Nailing the perfect 10

Nailing the perfect 10

Across the world

Nailing the perfect 10

A Still from ‘Bright Star’.

Quick Gun Murugan won’t find a place in any best list, but this unexpected delight was the most fun I had at the cinema all year, and I thought it deserved to be remembered. Mira Nair disappointed with Amelia, and Woody Allen disappointed even more with Whatever Works. Glancing at half a dozen best films list put out this month from critics across the globe, there doesn’t seem to be wide critical consensus on what the best films were.

Only one film tops most lists: Katherine Bigelow’s The Hurt Locker, an excruciatingly suspenseful thriller set in war-torn Iraq. Two anime films fair better than live action films: Pixar’s Up and Wes Anderson’s anti-Pixar adaptation of a Roald Dahl classic, Fantastic Mr Fox. A foreign film that tops most lists is Michael Haneke’s The White Ribbon, a chilling film about ritual school punishment in Germany.   

And as the year ends there are last minute December-release contenders for the ten best films list, and critics are rushing to accommodate them: Up in the Air, Invictus, The Lovely Bones, Crazy Heart, Precious and Avatar. Inglorious Basterds had the critics gleefully divided. Those who list it sound defensive, aggressively so, and those who don’t, are pleased to tell you why. Every year critics argue over the same film for being too underrated or too overrated: 2009’s pick is the Coen brothers’ A Serious Man. Profound is what some say, pretentious call out others.   

Other notable films that figure in best lists: Gomorrah, District 9, Broken Embraces, The Messengers, Let the Right One In, In the Loop, Antichrist, Seraphine, The Maid, Il Divo, A Prophet, The Sun, Food Inc, Anvil, and Two Lovers. I was surprised that Where the Wild Things Are hadn’t made it on most lists, and just as surprised that Steven Soderberg’s The Informant and Werner Herzog’s Bad Lieutenant: Port of Call didn’t show up either.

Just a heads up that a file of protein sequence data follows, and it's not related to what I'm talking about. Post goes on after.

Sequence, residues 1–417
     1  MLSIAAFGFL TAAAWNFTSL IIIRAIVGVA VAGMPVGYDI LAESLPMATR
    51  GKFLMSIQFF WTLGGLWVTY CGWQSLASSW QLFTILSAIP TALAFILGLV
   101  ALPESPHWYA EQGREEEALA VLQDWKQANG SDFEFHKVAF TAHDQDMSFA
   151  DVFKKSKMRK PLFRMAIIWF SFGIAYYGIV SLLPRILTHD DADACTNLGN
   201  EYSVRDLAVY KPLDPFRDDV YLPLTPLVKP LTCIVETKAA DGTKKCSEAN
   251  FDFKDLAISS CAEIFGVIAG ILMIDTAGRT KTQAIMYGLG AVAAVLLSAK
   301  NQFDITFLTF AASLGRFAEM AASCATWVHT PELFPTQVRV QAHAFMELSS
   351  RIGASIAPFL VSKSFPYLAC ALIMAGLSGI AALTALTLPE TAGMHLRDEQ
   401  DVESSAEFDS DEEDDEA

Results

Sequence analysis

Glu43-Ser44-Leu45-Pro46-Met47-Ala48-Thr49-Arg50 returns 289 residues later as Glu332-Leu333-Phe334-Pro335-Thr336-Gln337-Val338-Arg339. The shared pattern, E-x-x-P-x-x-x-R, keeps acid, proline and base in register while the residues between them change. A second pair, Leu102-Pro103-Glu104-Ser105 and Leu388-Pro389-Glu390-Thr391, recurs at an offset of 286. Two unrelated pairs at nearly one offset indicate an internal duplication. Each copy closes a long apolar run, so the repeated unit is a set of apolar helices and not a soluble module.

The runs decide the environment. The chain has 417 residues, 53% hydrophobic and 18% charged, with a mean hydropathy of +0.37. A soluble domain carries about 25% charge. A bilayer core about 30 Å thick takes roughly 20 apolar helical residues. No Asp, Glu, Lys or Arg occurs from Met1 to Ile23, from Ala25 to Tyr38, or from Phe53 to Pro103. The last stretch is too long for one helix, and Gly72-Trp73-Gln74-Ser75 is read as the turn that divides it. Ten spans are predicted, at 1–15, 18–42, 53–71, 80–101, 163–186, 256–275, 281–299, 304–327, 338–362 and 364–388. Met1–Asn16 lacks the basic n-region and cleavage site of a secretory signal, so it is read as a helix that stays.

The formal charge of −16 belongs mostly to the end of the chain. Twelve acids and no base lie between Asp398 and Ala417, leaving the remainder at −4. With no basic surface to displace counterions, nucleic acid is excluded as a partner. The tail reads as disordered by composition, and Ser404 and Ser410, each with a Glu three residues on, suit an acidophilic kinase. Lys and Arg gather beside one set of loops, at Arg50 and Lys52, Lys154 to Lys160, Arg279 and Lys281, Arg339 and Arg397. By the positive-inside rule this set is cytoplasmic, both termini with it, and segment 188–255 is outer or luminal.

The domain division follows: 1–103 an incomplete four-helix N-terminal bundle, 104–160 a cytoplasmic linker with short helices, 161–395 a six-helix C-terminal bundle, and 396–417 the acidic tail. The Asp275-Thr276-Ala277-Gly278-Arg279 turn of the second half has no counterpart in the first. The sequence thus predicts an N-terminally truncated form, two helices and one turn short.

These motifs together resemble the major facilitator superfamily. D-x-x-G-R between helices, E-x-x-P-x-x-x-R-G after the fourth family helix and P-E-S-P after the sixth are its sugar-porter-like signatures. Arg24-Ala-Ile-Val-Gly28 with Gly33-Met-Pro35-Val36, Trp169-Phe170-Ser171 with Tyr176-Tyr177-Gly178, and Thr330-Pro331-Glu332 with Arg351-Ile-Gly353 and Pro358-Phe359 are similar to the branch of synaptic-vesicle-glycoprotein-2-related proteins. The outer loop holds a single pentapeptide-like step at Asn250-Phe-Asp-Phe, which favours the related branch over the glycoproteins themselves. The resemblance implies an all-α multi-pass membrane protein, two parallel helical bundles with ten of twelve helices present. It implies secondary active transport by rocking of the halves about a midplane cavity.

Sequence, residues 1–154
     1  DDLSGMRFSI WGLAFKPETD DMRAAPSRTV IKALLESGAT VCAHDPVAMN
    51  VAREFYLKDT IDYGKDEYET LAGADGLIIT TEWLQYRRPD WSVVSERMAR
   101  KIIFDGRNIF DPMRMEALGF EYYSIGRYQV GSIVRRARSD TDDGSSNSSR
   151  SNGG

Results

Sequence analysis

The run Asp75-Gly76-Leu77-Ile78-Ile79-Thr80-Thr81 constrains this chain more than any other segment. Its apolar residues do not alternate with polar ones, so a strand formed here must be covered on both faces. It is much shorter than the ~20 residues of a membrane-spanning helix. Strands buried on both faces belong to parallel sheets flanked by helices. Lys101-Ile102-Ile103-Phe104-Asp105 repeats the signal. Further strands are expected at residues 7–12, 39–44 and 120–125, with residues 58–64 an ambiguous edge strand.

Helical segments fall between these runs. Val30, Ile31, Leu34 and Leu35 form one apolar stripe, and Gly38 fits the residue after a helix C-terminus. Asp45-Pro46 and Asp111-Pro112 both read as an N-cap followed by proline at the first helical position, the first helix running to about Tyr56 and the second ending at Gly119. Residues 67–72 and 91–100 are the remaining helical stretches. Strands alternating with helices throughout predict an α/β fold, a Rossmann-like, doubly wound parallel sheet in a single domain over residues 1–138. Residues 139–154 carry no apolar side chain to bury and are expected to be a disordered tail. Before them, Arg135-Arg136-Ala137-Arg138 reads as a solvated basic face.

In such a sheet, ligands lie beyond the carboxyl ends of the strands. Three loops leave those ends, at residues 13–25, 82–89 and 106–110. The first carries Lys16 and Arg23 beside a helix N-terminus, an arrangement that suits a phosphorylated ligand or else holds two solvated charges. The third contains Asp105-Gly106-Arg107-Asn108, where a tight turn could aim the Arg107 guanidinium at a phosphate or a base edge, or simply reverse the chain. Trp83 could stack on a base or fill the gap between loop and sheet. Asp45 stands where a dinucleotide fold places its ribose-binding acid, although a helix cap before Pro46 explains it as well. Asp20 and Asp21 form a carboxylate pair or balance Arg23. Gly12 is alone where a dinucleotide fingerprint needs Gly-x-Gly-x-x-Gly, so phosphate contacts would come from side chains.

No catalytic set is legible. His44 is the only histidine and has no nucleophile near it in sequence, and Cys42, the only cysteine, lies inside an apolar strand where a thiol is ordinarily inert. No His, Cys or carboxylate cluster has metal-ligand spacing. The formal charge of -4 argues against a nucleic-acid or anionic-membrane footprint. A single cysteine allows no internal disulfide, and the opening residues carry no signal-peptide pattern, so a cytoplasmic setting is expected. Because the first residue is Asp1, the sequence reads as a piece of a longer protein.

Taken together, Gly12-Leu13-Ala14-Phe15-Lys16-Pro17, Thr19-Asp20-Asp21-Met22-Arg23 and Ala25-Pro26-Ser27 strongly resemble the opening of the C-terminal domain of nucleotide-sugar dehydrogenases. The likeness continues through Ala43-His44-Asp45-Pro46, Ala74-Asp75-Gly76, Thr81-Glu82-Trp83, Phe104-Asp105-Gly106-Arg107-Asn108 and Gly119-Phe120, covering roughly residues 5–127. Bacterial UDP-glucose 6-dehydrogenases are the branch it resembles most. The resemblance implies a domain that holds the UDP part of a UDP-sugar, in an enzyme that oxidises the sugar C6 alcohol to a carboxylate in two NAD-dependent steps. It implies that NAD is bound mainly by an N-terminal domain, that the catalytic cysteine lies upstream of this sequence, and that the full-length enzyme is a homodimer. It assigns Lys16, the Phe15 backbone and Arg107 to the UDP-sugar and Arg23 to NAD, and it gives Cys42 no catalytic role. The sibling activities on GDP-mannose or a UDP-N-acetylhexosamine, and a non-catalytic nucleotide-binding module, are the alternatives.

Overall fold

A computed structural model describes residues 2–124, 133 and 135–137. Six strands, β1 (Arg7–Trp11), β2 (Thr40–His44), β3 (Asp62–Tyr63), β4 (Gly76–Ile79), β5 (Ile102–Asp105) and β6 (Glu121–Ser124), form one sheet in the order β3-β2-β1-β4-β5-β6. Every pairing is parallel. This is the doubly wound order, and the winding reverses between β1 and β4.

A still from ‘Up In The Air’.In all this hand-wringing to nail the perfect 10, the small artistic film — done in a minor key but offering major satisfaction — usually gets left out of lists. And that’s the kind of film I’m more interested in listing than the major accomplishments. Widely acclaimed films don’t need more patting on the back. 

Cold Souls

Paul Giamatti plays an actor called Paul Giamatti. When the movie opens he’s struggling with playing the role of Uncle Vanya, the classic failure, on stage. Then he spots an advertisement in the New Yorker: you can extract your soul and put it in cold storage. The benefits of not having to carry a soul around is advertised as being huge. Paul, for a fee, has that done. And he feels lighter, less weighed down, and plays Uncle Vanya as an optimist!

This is only the beginning of a series of tragic-comic events: someone steals his soul and sells it on the black market in Russia as the soul of the great actor Al Pacino; in turn, he buys the soul of a Russian poet, except it doesn’t go well because the poet committed suicide — a troubled soul. Written and directed by Sophie Barthes, Cold Souls is literate, witty, droll, and has the best performance ever from the great Giamatti. It’s my favourite film of the year.

Bright Star

Until Jane Campion, nobody thought to make a movie about John Keats and his love, Fanny Brawne. And I’m glad Campion got to it before someone else because it carries her trademark intensity and passion starting with The Piano to Holy Smoke. Both the leads are terrific, Ben Whishaw as Keats and Abbie Cornish as Fanny. Campion’s focus is not a period drama but a very literary love story spiked with Keat’s poetry which the couple mouth unselfconsciously, as if it was everyday conversation.